I had a fantastic time in San Francisco, and shooting Alex and Betty's wedding was by far the best part. This was a shot where my twin doctrines of "anything for the shot" and "I'll be paranoid so you don't have to be" bumped heads with each other. Alex, Betty, and most of their friends are photographers, and had been told about this great spot to get a photo with the Bay Bridge in the background. One problem: It was a 45-degree trail of loose dirt through underbrush in the darkness: Not really wedding dress friendly.
We were all willing, but it struck me why it made me nervous: No way I'm going to let a bride to a dangerous thing if, instead, *I* can do the dangerous thing. So instead of going down the path I scrambled up a hillside of loose dirt, taking a dive in the process. This is why a) we buy tough cameras and lenses and b) I wear untearable, easily washable pants to weddings instead of easily shredded designer stuff. The groom, of course, captured some of the process here:
Sometimes the problems solve themselves, at least when you have brides like Jennifer, awesome enough to brave a forest trail in a gorgeous couture gown. We've had this strange but beautiful thing where all the rain and nasty weather has fallen on weekdays. The New York Times even had to point out that there is no reason for special seven-day cycle in the weather. Me? I credit karma.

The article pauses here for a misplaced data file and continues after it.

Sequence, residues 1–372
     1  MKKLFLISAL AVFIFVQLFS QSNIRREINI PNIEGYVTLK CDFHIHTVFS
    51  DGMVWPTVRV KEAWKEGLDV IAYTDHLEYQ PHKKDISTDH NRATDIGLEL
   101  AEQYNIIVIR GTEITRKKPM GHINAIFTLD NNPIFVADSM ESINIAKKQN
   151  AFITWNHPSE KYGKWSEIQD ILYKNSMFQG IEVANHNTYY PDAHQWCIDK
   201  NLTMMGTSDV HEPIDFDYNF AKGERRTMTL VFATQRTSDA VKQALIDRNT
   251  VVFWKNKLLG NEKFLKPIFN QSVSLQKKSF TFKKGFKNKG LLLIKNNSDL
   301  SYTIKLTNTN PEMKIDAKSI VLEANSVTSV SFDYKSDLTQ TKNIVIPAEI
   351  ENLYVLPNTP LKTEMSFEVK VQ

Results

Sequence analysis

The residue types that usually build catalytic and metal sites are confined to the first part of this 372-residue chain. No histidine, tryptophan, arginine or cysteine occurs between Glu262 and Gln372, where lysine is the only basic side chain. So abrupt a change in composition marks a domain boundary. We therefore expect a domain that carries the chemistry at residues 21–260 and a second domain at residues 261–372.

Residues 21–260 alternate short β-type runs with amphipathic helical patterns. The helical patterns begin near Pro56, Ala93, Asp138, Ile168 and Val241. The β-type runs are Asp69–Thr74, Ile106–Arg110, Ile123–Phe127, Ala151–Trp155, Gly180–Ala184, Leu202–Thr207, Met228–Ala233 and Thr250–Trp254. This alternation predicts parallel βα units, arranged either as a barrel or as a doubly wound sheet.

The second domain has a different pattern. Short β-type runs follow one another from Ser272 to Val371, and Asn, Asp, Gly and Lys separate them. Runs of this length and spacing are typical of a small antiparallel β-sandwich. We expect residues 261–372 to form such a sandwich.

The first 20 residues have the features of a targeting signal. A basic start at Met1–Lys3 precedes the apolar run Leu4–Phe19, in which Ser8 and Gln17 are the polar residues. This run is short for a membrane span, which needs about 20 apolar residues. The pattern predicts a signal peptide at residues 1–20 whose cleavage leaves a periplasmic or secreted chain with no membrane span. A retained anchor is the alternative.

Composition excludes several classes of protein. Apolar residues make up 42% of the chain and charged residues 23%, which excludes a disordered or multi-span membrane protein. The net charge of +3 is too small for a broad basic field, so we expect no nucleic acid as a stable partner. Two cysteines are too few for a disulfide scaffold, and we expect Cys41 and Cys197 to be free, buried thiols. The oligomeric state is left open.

Apparently the reason that sometimes you come to my site and there is no site there is that someone out there has been attacking ryanbrenizer.com for a long time. We're working on fixing it, but in the meantime, please hold back for a bit, Mr. Cyber-Jerk. I have so much great stuff coming to the blog this week, from gorgeous weddings to camera reviews, that we'll probably bring the site down all by ourselves.
The first time I shot at the Rockleigh Country Club, it was just 36 hours after Hurricane Sandy destroyed the region. This time, during the reception everyone's phones started clanging with flash flood warnings. So our reaction? Let's go out in it! Thanks to the Michelle and Michael's willingness, an intrepid Tatiana assisting, a helpful wedding guest, and four umbrellas, we made this shot work in the driving rain.
I've mentioned before that the Brenizer Method -- like any large panorama technique -- will compress noise away at a given print or display size, similarly to how a something shot at ASA 800 on large format will print with less grain than a 35mm shot.
And I wasn't kidding. The sun goes down FAST over the mountains in Chile, and so just a few minutes after sunset is was already incredibly dark, and even at f/1.4 I had to shoot this at ISO 51,200! One part D4 magic, five parts panorama compression.
(Of course you can learn more about this with nearly three hours worth of instructional video here: http://brenizermethod.vhx.tv/ )